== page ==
For all the fact that he had almost universal public appeal and approval, he didn’t consciously set out to gather it. He genuinely loved his job and genuinely loved people. He did not ever think, as near as I could see (and we were fellow judges for nearly six years) about what public opinion was nor, I suspect, did he care. A small illustration: in 1964, there was a highly publicized shooting by a police chief of a small town. The victim was a very prominent professional football player, and everyone involved was a "newsworthy" person. The chief was indicted for involuntary manslaughter. His actions were absolutely foolish, absolutely not in keeping with his role, and absolutely not intentional. He needed to be convicted (which would prevent his further work in law enforcement and keep him from firearms forever), but it was ridiculous to suggest that any purpose would be served by sending him to the penitentiary. So when, after four days of trial, the defendant (represented by one of the country’s most able defense lawyers) entered a plea of guilty, Bert sentenced him to a term of probation with all the appropriate restrictions on his lifestyle.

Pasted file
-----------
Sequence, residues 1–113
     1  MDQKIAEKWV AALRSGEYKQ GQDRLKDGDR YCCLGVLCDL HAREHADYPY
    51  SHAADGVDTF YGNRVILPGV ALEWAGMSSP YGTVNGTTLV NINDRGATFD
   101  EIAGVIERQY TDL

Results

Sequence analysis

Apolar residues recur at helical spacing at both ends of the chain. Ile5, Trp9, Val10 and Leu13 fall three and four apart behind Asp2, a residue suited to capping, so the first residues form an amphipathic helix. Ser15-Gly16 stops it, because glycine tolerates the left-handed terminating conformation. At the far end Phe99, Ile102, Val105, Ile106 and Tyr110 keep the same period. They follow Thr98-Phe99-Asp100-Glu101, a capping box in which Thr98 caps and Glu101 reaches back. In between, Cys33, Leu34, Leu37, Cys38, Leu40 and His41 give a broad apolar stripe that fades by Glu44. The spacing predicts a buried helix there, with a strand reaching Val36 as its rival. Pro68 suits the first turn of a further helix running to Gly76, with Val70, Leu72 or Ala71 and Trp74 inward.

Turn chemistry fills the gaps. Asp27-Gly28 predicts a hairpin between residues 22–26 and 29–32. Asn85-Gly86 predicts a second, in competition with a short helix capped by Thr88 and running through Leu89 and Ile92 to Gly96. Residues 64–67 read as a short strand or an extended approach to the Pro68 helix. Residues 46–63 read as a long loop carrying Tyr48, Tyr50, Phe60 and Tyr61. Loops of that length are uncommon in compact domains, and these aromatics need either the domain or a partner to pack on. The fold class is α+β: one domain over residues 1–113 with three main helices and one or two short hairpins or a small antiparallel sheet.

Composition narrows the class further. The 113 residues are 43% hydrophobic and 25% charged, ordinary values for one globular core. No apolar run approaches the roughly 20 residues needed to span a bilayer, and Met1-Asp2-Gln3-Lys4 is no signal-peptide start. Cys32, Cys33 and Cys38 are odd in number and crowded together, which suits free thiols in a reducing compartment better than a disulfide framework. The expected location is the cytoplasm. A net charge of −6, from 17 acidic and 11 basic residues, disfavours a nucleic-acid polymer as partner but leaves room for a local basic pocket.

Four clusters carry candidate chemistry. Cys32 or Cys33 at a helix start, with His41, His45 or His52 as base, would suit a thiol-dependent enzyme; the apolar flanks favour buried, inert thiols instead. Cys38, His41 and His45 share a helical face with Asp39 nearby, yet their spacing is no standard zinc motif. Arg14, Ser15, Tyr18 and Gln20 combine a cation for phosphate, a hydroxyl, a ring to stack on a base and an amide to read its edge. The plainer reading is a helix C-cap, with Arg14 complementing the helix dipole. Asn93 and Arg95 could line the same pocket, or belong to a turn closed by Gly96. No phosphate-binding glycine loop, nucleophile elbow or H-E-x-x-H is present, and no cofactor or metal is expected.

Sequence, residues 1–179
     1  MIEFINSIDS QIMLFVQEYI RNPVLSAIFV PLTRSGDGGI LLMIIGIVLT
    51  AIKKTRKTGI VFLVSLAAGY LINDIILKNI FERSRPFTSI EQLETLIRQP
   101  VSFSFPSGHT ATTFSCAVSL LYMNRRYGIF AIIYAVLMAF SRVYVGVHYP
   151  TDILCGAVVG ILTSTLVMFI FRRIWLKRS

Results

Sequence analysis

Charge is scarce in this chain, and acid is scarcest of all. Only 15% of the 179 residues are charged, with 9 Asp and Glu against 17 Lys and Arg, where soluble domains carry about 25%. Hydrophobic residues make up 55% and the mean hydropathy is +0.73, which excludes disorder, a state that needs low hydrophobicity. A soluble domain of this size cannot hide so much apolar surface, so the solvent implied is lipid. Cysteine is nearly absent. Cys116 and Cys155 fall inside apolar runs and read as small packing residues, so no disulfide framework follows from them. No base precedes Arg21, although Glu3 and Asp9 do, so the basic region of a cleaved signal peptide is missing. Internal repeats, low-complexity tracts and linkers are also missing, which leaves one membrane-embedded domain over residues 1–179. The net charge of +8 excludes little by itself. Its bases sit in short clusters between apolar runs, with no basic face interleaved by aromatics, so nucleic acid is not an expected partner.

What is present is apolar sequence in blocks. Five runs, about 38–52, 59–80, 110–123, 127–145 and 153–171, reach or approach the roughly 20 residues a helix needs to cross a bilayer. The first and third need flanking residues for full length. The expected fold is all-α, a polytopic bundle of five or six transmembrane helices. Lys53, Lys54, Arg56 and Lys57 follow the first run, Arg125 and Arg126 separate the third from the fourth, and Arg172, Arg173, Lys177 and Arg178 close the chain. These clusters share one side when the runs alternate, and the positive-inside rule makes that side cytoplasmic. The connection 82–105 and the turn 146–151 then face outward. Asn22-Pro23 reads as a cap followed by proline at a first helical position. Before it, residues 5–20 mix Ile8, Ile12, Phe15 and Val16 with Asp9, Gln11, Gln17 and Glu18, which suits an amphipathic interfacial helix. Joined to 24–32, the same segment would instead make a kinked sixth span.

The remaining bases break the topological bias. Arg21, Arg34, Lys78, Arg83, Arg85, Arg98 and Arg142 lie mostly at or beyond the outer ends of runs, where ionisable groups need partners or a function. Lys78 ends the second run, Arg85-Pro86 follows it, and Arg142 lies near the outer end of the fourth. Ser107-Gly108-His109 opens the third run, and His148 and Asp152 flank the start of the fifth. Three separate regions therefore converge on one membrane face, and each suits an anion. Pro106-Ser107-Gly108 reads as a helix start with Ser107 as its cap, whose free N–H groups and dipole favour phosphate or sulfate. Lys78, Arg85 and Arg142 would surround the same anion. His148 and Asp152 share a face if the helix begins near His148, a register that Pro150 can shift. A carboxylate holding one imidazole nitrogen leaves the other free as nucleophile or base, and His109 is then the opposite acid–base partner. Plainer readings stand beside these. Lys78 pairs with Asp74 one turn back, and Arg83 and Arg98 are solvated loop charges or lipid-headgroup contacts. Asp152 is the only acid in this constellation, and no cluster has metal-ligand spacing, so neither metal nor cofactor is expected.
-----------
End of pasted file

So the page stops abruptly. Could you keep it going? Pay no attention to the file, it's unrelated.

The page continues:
Most of the media, and all of the decedent’s family and friends, were expecting a prison term. When Bert passed sentence, the decedent’s mother (who had attended every minute of the proceedings) screamed in the courtroom, "You son-of-a-bitch, I knew this case was fixed." The bailiff leaped up and asked whether he should take her in custody. Bert said no, and asked the lady to come forward. She did. He said, "Mother, if I could bring back your boy by sending this man to the penitentiary, I would without a second thought. But I can’t and he really didn’t intend to do harm. Stupidity is not cured by punishment." The mother was unmollified. "You’re a crooked son-of-a-bitch. He killed my son and you don’t care," she screamed.